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Raquel Meseguer triggered a security alert when she lay on the floor at the Southbank Centre. She shares the work she has been doing ever since to help arts venues become more welcoming to those with chronic pain.

Photo of woman lying on a doorstep

Synnøve Fredericks

What does it take to become a cloudspotter? It may sound a romantic notion, but it’s a term I use for the thousands of people in the UK living with chronic pain from conditions that mean they need to rest and lie down at frequent intervals. I was a contemporary dancer, and one half of dance theatre company Lost Dog, when in 2007 I slipped a disc, leaving me with debilitating neurological symptoms. After a ‘time in the wilderness’, I began thinking about creating performances that explore chronic pain and interrogate the kickback I get for lying down in public spaces.

For me, some of my best thinking time is when I’m resting, so it’s about valuing rest as a form of contribution

I felt compelled to make this work following an incident in 2016 where I triggered a security alert by lying down on the floor at the Unlimited Festival at the Southbank Centre. If lying down wasn’t understood as an access issue in a space that is positive towards disability, then how was the prejudice to be countered?

Underlying cultural assumptions suggest that lying down during the day means you must be lazy. You’re enacting something very vulnerable and making yourself an easy target for negative responses. It prevents me from being in the world in the way that I’d like to be.

Survey stories

Working with the Bristol-based Unchartered Collective (made up of creatives, all of whom experience persistent pain), I sent out a survey to the disability arts community across the UK. I received 99 responses from individuals with a wide range of impairments, telling their stories of attempting to lie down in public spaces.

There were some shocking stories. It was heart-breaking to hear from someone who has for many years been lying down on public toilet floors, among the smells and the liquids, as her coping mechanism for being out in the world.

From the breadth of detail in the survey I identified a universal need. The reality is that lots of people police themselves, and some go to extremes to ensure they are not seen to have different needs. The stories could be summed up by one respondent who said: “The world is simply not designed for me. Or rather I am not designed to be in the world,” confirming my sense of a general cultural prejudice towards rest and the idea of not being productive all of the time.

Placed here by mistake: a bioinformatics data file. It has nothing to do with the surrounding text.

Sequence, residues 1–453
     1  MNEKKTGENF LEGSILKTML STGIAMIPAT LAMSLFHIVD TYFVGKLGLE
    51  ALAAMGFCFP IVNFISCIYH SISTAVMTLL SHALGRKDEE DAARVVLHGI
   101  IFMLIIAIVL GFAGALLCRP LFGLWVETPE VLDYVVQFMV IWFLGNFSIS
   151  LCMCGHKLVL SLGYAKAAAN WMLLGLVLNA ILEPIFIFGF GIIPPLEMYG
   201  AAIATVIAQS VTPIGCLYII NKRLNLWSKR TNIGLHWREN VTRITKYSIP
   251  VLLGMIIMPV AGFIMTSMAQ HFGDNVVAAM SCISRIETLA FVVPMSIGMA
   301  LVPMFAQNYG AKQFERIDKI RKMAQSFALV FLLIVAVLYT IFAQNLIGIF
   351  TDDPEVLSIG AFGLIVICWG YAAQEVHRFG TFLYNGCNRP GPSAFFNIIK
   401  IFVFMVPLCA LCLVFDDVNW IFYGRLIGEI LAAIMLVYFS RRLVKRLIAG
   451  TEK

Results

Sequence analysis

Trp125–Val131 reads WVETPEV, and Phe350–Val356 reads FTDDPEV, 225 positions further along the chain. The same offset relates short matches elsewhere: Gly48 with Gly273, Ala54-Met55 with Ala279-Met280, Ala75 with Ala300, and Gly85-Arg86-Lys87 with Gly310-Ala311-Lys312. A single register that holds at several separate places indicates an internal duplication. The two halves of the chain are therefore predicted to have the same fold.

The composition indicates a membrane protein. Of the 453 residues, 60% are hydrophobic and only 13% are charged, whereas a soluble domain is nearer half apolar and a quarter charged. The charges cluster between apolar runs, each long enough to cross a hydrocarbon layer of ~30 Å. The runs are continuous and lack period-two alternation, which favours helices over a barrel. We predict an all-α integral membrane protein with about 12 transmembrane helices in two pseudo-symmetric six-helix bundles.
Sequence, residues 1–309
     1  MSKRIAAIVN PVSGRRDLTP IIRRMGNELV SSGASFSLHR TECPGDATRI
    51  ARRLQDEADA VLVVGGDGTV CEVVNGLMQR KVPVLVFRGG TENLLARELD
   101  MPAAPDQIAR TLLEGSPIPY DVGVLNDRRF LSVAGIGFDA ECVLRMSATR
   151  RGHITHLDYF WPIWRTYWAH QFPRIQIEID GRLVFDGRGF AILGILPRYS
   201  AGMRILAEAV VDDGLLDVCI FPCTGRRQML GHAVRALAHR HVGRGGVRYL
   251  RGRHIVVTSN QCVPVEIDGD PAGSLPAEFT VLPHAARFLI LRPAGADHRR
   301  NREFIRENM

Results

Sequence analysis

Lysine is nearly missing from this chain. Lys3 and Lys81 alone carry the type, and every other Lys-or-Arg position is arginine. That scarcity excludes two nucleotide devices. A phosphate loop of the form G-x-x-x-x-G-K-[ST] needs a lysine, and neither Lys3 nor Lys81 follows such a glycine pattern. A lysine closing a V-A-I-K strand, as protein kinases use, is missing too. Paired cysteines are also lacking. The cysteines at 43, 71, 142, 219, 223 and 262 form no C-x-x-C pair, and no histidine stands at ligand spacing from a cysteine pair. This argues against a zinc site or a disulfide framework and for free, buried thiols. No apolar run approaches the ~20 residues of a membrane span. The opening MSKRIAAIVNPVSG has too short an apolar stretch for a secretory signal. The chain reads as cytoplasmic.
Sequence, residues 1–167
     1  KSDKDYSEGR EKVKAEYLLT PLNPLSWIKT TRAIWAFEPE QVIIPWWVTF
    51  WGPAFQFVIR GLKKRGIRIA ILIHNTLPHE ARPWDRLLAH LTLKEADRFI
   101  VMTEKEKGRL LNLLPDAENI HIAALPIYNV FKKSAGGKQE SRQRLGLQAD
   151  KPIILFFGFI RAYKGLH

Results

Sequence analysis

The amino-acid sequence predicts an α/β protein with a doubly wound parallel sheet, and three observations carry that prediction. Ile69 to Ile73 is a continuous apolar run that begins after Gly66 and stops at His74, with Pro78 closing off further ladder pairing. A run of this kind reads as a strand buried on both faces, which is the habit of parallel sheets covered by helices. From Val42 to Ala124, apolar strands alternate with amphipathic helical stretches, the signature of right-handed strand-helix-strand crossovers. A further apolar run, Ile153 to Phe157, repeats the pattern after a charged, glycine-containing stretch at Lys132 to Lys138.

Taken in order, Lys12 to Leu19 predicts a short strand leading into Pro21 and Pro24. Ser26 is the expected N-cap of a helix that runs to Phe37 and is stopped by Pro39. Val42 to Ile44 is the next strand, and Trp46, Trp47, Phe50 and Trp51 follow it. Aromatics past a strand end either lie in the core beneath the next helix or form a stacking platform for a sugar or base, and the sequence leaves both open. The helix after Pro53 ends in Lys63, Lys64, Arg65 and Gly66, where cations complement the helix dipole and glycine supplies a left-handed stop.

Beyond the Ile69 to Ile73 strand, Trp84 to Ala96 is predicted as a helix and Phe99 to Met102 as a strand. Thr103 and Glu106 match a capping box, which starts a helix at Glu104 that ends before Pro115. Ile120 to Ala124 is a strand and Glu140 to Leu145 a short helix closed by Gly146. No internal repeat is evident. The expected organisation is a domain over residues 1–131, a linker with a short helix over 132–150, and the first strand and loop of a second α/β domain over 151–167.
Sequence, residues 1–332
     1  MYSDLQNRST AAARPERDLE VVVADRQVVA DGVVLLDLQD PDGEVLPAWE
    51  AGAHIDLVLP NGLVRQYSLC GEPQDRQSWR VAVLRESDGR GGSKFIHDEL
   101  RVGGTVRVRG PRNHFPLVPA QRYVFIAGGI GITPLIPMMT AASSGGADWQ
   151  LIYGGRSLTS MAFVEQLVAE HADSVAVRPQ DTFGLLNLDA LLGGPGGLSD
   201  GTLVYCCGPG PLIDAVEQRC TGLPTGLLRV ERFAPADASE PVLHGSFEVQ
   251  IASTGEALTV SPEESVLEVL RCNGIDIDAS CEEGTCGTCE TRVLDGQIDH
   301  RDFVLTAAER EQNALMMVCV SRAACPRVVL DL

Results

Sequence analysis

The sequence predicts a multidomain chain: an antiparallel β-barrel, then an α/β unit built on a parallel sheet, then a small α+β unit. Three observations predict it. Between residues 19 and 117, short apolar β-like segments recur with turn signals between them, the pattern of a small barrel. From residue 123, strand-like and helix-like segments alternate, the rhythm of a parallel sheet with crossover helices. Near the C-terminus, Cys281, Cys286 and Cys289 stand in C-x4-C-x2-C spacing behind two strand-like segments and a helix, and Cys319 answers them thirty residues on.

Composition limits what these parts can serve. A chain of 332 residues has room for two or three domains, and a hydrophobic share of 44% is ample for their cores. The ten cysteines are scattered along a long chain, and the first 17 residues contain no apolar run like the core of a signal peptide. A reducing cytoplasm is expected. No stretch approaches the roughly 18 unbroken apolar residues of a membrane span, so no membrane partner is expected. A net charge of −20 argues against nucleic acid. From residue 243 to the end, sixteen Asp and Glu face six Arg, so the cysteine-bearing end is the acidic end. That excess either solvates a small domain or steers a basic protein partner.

A Crash Course in Cloudspotting

The stories from the survey form the foundation for A Crash Course in Cloudspotting, an Unlimited R&D commission. The audio-visual installation consists of two pods next to each other – one for lying down and one for sitting (or for wheelchair-users).

In real-time, it will create a link to people needing to rest in the moment, to convey the idea that when we lie down we can still contribute. In a symbolic way, it’s about shedding light on an aspect of human behaviour that is surrounded by shame. For me, some of my best thinking time is when I’m resting, so it’s about valuing rest as a form of contribution.

The idea of re-imagining public space to serve more people and challenging etiquette and modes of behaviour has caught the imagination. BBC Radio 4 Four Thought recorded a programme in November documenting the project and this will be aired very soon. My approach has been to look for playful solutions as to how venues might accommodate people with a requirement to spend time horizontal while ‘resetting’ and ‘recharging’.

One idea is that reception areas in venues provide a ‘reserve table’ style sign that reads ‘Resting in progress’, to make people aware that someone is lying down with intention and not as a result of being a social nuisance. I find that when I’ve the energy to explain to people, saying something like “Do you mind if I lie down, I have a condition” things go smoothly. But I don’t always have that capacity to communicate clearly with patience, and that’s when I hear abusive comments.

Another idea is that the back row of an arts venue has the cultural connotation of a space where a little naughtiness is permitted. So, if you need to stretch or stand up and move around during a show, you can go in the back row without disturbing other audience members.

The project hopes to encourage a more fluid use of public spaces that accounts for people’s differences. To that end, Unchartered Collective plan to trial a map of resting spaces in Bristol, hosted by Theatre Bristol and participating venues, in the hope that more public spaces will sign up to be a resting venue. We plan to develop the programme through workshops in venues across other cities to expand the map of resting spaces.

Raquel Meseguer is Founder and Director of Unchartered Collective.

A Crash Course in Cloudspotting (the subversive act of horizontality) installation is on display at Ovalhouse in London from Monday 29 January to Saturday 10 February. And there will be workshops and events throughout the year.

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Photo of Raquel Meseguer